The EEOC enforces Title VII of the Civil Rights Act; Age Discrimination Act; Title I of the Americans with Disabilities Act; Equal Pay Act; and Title II of the Genetic Information Act.  Employers are welcome to use all manner of pre-employment screenings – as long as they comply with EEOC standards. None of these Acts directly prohibit employment discrimination based on credit information, conviction records, previous employment, education, or psychological/behavioral profiles. However, the EEOC has a published a Compliance Manual and provides guidance on a number of pre-employment scenarios, because of the disparate impact facially neutral polices can have on these numerous protected classes.

This is the tightrope that causes many HR professionals to gloss over background checks out of fear of inadvertently triggering an EEOC investigation.  What you don’t know, can hurt you.  HR has a duty to the company to traverse this tightrope and understand the often gray and contradictory playing field (between state and federal guidelines) in which they conduct pre-employment screenings.

Criminal Background Checks – Treat each criminal record individually in the context of the job sought, work environment and conditions, and risk to the organization. Ask the candidate about the situation. Deliberate omission and lies can be used a basis to disqualify the candidate.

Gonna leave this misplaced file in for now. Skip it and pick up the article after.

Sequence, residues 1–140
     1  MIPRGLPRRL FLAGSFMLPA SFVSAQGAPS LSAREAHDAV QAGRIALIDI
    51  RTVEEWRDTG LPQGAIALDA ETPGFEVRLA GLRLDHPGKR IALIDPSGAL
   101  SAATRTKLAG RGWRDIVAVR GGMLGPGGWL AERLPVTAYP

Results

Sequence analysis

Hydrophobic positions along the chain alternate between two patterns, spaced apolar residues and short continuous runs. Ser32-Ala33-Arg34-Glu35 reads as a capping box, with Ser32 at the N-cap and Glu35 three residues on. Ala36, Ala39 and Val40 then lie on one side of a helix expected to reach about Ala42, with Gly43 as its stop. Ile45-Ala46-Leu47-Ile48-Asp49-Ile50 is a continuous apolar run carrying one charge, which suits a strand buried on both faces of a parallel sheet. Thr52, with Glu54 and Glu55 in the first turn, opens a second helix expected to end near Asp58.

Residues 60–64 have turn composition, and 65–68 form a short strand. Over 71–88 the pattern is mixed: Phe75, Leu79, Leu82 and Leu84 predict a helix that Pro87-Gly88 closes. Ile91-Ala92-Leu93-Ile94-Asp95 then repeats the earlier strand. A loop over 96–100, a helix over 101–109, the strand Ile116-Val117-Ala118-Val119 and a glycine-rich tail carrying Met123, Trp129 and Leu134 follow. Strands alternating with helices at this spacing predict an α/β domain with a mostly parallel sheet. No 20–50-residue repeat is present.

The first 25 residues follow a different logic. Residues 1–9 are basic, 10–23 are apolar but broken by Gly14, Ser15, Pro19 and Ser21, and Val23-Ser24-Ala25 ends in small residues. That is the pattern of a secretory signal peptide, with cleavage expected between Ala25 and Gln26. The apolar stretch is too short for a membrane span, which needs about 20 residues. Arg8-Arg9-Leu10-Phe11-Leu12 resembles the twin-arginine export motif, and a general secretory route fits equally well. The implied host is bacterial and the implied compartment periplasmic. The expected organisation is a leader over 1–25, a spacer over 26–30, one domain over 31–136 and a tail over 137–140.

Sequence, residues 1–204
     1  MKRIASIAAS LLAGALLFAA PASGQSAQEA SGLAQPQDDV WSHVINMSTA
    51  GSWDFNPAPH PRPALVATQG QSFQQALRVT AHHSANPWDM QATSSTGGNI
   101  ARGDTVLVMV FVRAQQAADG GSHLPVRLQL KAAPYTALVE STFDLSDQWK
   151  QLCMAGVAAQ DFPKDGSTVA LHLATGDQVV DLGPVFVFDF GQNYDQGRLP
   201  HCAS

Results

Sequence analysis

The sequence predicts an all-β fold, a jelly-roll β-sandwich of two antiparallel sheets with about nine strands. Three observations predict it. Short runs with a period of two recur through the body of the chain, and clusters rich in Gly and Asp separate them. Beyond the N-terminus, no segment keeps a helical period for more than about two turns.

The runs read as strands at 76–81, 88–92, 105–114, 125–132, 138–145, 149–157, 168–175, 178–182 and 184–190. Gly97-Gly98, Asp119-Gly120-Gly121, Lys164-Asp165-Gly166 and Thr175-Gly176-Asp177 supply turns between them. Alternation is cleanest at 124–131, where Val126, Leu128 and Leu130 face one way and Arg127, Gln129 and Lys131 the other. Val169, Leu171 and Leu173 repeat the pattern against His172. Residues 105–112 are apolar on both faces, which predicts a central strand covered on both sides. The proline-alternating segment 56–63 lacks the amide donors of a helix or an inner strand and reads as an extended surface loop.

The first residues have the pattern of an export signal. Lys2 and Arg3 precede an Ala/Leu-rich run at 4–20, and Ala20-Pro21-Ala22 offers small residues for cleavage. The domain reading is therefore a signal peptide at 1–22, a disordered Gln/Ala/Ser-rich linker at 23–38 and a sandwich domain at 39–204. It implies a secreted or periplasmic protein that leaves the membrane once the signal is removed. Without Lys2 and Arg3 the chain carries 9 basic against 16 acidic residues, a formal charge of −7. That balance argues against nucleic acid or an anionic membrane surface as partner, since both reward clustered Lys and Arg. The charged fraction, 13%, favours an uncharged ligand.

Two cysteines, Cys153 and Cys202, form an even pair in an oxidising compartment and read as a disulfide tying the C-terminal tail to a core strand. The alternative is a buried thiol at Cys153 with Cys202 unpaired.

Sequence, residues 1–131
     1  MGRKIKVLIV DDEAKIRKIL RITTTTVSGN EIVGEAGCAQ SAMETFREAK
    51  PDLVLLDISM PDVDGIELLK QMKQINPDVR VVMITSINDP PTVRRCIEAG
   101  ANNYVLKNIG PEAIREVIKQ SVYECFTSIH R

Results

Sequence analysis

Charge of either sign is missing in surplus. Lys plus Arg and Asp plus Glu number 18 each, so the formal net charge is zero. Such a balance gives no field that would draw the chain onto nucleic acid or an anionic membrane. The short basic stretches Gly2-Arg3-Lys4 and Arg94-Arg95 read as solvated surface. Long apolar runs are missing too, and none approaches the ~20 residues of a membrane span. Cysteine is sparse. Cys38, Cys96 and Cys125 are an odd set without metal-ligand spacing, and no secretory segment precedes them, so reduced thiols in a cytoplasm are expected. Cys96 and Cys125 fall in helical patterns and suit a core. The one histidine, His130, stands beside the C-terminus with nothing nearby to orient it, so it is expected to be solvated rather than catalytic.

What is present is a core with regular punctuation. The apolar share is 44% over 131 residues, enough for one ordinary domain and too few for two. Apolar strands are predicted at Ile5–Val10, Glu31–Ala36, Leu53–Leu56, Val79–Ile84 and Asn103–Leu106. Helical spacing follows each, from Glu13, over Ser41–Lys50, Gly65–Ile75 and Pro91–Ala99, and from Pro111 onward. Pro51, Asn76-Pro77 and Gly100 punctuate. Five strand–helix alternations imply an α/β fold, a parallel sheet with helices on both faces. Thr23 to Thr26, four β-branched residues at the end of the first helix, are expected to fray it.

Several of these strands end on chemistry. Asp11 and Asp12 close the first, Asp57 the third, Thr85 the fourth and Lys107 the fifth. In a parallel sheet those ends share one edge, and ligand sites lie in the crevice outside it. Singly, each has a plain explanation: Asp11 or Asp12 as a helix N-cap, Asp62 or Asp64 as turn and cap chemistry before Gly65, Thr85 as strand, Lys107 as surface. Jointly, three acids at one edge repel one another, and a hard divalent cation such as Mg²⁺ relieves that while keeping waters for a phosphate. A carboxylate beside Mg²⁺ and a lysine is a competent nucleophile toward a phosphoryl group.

Credit Check – Most commonly used for positions that have are executive level, have financial responsibility, or have access to confidential information such as social security numbers to reduce the risk of theft or embezzlement.  Allow candidates the opportunity to explain negative results as some reasons, such as medical bills, are protected.

Physical/Medical Exam – This screening is allowed only after a conditional offer of employment is extended and is used in specific jobs that require a proof of fitness in order to safely perform duties.  All candidates in the job category are required to have the same medical examination.  The candidate medical history is confidential and must be kept separate from employment records.  HR professionals need to keep in mind that the medical examiner does not make the final hiring decision.

Motor Vehicle Record – This is a critical check for positions that are required to operate a company vehicle as part of the job requirement.  In some states, DUI convictions are kept with the DMV not the criminal court system.  There are vendors that make multi-state verification easier by consolidating searches.